How Conscious Leaders Win the Game of Business (feat. Sophie McLean)
If business is a game, how do you play to win?
As a leader, it’s natural to put pressure on yourself to avoid losing at all costs. The stakes are high. Your business is your livelihood. You have investors and employees counting on you.
But the most effective leaders are like football coaches. They don’t quit after one single loss: they’re resilient to setbacks and comfortable testing new strategies.
Leading like a coach means looking at failures objectively, never being afraid to adjust your direction or experiment with a new tactic.
Sophie McLean is a wisdom teacher who has spent decades leading transformational seminars for over 80,000 people around the world. She’s been a helicopter pilot, a designer, a relief worker, a war refugee, a UN representative, and a CEO. Her newest book, The Elegance of Simplicity proposes a pathway to awareness that is life-altering and effortless.
In the latest episode of The Enlightened Executive podcast, Sophie shares how leaders can become innovators and risk-takers in their businesses (and, in turn, live a more fulfilling life).
Approach business like a game
For executives and entrepreneurs, decisiveness is a prerequisite. Choices are made every day, but that doesn’t make it any easier. The problem is, we put so much weight or significance in the choices we make that it can be hard to take action, or we rush to take the wrong action. Then, if something goes wrong, we blame external factors.
Sophie and I talked about why conscious leaders approach life and business like a game.
“If your meaning is business, and you are aware that it’s a game, then you can fully play it without any struggle because you are the source, the originator of the game,” Sophie said.
When you view your business as a game, it takes some of the significance off and allows you to be more innovative. What’s more, you’re able to take full responsibility. If a new tactic or strategy doesn’t work, you pivot and try something else, without victimization or blaming external factors. You are in control of your own actions and reactions.
“When you are fully the originator of your life, the power you access is extraordinary,” Sophie said.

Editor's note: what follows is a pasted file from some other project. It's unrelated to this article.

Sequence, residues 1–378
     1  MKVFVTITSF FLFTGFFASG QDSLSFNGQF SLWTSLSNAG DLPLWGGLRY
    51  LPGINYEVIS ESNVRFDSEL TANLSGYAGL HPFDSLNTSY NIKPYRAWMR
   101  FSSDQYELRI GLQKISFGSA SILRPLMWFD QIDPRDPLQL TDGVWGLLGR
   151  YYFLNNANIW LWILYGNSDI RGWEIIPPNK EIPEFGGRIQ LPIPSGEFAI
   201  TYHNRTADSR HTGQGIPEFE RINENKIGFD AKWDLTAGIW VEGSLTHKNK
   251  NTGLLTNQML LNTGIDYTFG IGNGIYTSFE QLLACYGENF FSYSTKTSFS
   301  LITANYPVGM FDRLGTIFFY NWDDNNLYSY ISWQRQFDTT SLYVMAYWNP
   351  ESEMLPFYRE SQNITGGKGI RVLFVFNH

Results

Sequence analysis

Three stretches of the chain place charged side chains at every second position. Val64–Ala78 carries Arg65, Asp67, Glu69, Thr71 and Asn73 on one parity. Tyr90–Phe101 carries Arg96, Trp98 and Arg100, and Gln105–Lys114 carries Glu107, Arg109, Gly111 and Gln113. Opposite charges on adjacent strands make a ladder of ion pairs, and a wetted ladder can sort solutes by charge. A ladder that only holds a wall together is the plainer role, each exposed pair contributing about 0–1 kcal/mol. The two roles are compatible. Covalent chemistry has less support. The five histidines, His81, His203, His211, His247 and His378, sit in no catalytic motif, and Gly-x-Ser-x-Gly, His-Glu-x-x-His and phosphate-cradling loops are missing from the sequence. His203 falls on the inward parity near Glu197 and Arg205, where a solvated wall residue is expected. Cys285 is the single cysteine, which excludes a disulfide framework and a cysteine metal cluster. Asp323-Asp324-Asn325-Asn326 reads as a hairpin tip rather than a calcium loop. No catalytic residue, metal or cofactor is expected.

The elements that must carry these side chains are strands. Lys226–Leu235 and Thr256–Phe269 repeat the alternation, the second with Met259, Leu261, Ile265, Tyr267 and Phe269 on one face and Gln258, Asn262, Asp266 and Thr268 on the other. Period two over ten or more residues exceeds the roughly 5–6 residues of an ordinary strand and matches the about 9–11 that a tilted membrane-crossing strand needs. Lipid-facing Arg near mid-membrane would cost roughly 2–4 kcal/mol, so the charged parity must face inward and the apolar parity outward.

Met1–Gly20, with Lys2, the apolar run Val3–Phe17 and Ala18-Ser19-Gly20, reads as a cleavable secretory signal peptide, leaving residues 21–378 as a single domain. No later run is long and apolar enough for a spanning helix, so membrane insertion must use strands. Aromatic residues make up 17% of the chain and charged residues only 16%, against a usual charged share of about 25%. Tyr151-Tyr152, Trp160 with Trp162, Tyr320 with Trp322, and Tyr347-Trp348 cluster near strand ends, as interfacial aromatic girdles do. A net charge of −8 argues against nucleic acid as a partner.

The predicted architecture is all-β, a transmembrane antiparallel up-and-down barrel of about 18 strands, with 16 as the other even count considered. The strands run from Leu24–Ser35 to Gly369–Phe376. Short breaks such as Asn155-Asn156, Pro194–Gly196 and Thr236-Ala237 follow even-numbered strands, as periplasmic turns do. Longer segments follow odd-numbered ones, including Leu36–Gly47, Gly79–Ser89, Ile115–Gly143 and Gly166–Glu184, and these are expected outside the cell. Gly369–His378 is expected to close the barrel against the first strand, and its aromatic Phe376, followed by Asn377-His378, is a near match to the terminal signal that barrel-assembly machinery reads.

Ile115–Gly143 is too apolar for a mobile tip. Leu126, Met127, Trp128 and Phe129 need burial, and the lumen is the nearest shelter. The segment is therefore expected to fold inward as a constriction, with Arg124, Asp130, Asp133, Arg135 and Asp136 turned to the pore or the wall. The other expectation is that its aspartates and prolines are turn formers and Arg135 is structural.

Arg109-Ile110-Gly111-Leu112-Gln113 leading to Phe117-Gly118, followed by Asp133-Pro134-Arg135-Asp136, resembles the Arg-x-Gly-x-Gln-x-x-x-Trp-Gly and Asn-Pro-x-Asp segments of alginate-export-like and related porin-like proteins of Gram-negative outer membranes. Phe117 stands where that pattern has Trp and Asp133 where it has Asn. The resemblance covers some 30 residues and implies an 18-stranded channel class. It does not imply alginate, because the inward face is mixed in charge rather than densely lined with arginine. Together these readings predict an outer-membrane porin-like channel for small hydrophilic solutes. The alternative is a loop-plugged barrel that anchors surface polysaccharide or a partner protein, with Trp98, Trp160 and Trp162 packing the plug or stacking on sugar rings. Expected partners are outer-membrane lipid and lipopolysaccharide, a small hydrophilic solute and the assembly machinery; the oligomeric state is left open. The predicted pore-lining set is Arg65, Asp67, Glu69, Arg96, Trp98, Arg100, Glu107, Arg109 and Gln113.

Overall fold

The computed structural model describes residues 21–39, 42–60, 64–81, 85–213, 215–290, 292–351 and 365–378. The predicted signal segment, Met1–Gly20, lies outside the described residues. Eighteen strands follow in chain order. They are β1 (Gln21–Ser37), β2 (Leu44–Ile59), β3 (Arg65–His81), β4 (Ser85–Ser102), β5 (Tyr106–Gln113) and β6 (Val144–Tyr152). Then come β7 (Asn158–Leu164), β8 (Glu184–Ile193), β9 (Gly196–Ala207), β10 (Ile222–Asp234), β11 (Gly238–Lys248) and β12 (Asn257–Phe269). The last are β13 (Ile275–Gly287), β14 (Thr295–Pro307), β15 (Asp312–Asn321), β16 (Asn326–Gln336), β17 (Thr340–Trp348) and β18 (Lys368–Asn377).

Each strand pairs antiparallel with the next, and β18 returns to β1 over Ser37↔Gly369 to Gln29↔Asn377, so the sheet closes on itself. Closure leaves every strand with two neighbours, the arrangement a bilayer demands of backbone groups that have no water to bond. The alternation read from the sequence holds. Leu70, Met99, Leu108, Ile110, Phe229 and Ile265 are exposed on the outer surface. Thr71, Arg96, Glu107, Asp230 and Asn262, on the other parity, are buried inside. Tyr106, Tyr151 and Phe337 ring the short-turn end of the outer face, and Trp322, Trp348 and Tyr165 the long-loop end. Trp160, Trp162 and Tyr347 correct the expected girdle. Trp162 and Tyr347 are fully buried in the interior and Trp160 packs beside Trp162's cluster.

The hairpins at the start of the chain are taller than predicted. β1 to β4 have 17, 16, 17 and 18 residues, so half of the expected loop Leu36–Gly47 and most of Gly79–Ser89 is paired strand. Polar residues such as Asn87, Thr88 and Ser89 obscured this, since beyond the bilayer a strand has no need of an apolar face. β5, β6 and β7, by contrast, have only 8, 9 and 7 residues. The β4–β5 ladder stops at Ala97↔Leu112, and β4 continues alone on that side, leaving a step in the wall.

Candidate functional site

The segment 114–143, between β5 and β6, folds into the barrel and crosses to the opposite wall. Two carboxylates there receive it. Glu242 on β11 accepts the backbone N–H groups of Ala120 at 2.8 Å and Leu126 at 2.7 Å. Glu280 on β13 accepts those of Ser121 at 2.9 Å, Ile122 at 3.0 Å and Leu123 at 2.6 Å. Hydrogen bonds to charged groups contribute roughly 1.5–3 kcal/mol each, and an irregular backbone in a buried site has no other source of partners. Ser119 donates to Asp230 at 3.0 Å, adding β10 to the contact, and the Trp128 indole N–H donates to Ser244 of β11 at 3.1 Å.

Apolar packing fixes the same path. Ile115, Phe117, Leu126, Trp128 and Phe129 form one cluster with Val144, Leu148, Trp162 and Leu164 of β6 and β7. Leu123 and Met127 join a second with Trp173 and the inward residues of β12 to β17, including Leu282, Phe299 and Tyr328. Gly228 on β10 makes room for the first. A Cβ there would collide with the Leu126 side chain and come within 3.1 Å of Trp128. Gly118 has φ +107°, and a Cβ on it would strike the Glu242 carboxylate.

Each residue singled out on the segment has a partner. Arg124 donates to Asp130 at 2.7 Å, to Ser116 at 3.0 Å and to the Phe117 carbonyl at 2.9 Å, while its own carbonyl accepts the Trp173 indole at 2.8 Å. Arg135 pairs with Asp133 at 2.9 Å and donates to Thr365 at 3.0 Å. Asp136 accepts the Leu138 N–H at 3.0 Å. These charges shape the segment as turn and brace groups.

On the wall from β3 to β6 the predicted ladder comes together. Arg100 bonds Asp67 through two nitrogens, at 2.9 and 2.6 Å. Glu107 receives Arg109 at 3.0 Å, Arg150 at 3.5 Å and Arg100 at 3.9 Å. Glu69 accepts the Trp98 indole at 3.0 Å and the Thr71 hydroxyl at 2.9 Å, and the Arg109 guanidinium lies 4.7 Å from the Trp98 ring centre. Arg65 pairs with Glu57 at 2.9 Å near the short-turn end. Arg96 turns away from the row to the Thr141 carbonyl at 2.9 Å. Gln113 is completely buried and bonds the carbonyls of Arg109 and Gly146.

Approaching your business like a game is not about controlling every outcome. It’s about understanding you have the control and the responsibility to pivot.
Practice risk-taking to drive innovation
No one becomes a cutting-edge leader in their industry by playing it safe. Innovation requires an element of risk-taking.
“If you spend your time protecting yourself and trying to get certainty and safety, you might not fail, but you definitely will not win,” Sophie said.
But how do you shift your mindset from fearing risk to welcoming it?
Psychological safety is the key to welcoming risk and fostering creativity in your business. “Funny enough,” Sophie said, “you need to be safe enough to be able to take risks.”
However, a study by WorkHuman found that only 26% of people feel psychologically safe at work. This lack of safety impedes innovation for executives, entrepreneurs, and employees alike.
Executives and entrepreneurs, therefore, must lead by example. Encourage your teams to think creatively and share vulnerably without fear of negative consequences or judgment.
How? By practicing in public:
- Share your ideas out loud, however strange, or unrealistic they may seem.
- Ask open-ended questions, avoid interrupting
- Don’t be afraid to challenge the status quo by asking “Why this?” or “Why not that?”
Every industry has room for disruption. If you want to be cutting edge in your field, you need to be willing to adapt, make changes, and take risks.
“If you look at the whole of life as a game—the significance, the attachment, the identification disappears and you access this freedom of taking risks,” Sophie said.
In this episode, Sophie also shares…
- Understanding the role of ego to become a conscious leader.
- Why to lead from a place of abundance (rather than fear).
- How to find awareness in your day-to-day life.
If you liked this episode, don’t miss these other enlightening episodes:
- Chris Schembra discusses how gratitude can improve employee retention
- Justin Donald shares how to improve your “time wealth”
- Christopher Michel provides strategies for building deep trust across your teams